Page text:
This laid back community doesn't have a homeowner's association or many rules. Club meetings are held under the stars on the New Moon weekend of every month. They also allow outsiders to use their field. People have to pay the small fee of $5 a person per night. RV owners are asked to contribute more. 

They have very few rules and expect people to be respectful of each other. Because the site attracts astronomers, who need power, tent visitors will find 100 20-amp electrical outlets. The 9 RV sites have 30-amp outlets. The sites are on a first-come basis. No reservations are taken. While the weekends are very busy, they also have visitor who come for the entire week. 

Housing is Affordable in Chiefland

2013 Median Home Price $70,000

Chiefland is a small rural community located 30 miles west of Gainesville. In 2000, it was voted the Best Rural Community in Florida. There is still very little development pressure and the median home price in 2013 was only $70,000. So you can trade in a more expensive house for a very affordable model. 

That's good for would-be astronomers. Even though the Chiefland Astronomy Village is full, it's still possible to live nearby, use the field and become an active member of the astronomy community.

New Mexico Astronomy Village

Residents of the Chiefland Astronmy Village Go West

It's not easy finding dark night sky that is easily accessible or that provides basic amenities or aging Boomers such as health care. However, it is easier in New Mexico. In 1999, state lawmakers enacted regulations to protect their dark skies.

That's one of the things that attracted Tom and Jeannie Clark to the area. Their development is located 20 miles north of Deming, NM and 30 mile south of Silver City. It has clear skies about 300 nights a year. Star gazers who want to stay in touch with the world will find excellent cell services.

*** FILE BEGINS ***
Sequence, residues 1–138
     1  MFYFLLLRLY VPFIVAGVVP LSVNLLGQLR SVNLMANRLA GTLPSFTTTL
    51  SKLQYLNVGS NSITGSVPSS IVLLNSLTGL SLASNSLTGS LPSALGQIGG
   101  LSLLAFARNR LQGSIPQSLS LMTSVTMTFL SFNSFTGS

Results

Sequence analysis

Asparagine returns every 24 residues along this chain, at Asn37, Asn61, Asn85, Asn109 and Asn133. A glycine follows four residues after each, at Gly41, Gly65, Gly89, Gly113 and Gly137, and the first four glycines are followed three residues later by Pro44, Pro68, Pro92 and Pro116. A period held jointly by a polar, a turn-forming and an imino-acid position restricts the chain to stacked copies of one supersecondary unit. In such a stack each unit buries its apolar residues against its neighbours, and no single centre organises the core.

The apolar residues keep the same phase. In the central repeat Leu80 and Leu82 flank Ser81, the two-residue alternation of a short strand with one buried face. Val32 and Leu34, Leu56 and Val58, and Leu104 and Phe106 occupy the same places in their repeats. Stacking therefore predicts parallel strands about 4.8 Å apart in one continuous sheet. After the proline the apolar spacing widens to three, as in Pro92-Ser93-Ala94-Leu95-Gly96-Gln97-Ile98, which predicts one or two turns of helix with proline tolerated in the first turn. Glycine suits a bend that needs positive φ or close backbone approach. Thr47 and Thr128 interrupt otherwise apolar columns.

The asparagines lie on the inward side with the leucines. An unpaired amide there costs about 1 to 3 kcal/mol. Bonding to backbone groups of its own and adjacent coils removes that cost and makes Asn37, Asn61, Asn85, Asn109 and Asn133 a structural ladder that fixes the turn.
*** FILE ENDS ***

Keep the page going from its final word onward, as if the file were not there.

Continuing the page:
The Clarks have been astronomers since 1983. They lived at the Chiefland Astronomy Village for 14 years, before they set their sights on the west. Tom founded and published Amateur Astonomy Magazine from 1994 to 2007. They have lived at the New Mexico Astronomy Village for two years. They have been joined by five astronomy families. They hope eventually that their stargazing community will contain 50 families.

Updated: 02/07/2015, Nelda_Hoxie
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Nelda_Hoxie on 05/24/2015

I agree. It's sad that we don't appreciate our sky views more.

CruiseReady on 05/24/2015

This is the first I have heard of astronomy villages. What a neat concept! I am always amazed at the night sky when we visit the family farm, or go out to sea. There's so much to see above your head that might as well be invisible in the city, or even a small town!

Nelda_Hoxie on 02/14/2015

It' really is becoming a problem. When I was a town planner, how much night lighting is truly needed became very controversial. Of course one of my planning board members was a salesman for GE!

sheilamarie on 02/10/2015

We have dark skies around us. I love to watch the night sky.

dustytoes on 02/10/2015

What an interesting subject. I've never considered that stargazers need nice, dark skies to view the stars.